Scientific and social advances have opened the door for many more people to become parents than ever before. Whenever gestational surrogacy is involved, however, it’s important to learn everything you can about the legal options available. In particular, you should understand the difference between a pre-birth and post-birth order.
What is a pre-birth order?
In general, a pre-birth order asks the court to assign legal parentage to a child. Typically, they’re done at least two months prior to the expected birth.
For example, if you’re using a gestational surrogate to carry your child, you and your spouse might ask the court — via your attorney — for an order that directs the state’s Vital Records Department to issue the birth certificate with your names as the parents. Having a properly executed pre-birth order makes the road to your legal status as the baby’s parents much easier.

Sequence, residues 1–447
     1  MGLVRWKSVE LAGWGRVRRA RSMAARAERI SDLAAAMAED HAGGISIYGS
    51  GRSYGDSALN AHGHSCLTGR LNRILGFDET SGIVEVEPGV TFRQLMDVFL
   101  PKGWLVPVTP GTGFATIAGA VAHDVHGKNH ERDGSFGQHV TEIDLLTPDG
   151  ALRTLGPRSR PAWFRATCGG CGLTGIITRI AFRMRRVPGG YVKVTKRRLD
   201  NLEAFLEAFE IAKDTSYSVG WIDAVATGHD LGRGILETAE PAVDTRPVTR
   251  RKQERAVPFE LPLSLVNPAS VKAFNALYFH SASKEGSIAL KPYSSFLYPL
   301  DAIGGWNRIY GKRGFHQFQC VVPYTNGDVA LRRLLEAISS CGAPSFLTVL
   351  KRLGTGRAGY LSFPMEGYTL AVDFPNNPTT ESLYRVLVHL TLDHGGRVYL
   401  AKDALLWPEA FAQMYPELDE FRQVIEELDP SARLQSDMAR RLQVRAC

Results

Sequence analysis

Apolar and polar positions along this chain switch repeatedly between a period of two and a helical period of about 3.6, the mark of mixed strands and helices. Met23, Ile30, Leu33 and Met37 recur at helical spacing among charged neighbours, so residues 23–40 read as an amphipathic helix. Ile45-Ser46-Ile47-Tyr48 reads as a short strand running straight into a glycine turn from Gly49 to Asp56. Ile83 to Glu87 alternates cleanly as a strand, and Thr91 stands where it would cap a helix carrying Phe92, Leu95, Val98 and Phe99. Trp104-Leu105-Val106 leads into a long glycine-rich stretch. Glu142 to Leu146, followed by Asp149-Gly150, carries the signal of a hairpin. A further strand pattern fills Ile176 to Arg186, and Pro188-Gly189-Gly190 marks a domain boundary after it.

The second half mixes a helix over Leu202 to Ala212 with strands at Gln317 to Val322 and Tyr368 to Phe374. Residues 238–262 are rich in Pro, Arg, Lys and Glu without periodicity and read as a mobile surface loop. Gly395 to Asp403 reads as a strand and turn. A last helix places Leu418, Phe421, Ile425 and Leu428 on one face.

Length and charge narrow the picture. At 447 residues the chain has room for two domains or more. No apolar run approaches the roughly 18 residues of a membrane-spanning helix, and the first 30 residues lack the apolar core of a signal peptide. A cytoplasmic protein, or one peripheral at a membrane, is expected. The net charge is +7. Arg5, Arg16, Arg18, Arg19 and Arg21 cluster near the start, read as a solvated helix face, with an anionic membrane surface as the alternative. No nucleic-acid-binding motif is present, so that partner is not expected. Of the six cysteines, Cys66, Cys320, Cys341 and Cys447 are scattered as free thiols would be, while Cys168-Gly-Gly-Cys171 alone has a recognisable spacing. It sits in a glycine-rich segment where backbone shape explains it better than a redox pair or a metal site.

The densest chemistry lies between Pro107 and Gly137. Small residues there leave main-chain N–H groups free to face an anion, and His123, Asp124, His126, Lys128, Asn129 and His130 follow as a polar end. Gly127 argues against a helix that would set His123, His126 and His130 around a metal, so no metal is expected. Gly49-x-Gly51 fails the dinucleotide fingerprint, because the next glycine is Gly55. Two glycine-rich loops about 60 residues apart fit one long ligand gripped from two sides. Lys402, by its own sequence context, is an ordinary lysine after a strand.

What is a post-birth order?
In some states, pre-birth orders aren’t allowed — so a post-birth order is usually obtained as quickly after the baby’s birth as possible. However, even in a state like Connecticut where pre-birth orders are valid, things happen.
Perhaps other complications in your life created delays and you simply didn’t get the pre-birth order done. Maybe you thought you had plenty of time still to get the pre-birth order but the baby came a little early. Whatever the cause, a post-birth order can be obtained with a court hearing in front of a judge within a few days of your child’s arrival.
Any time you have to use alternative reproduction methods, the number of things you have to understand and handle can seem overwhelming, but an experienced attorney can certainly help handle the load.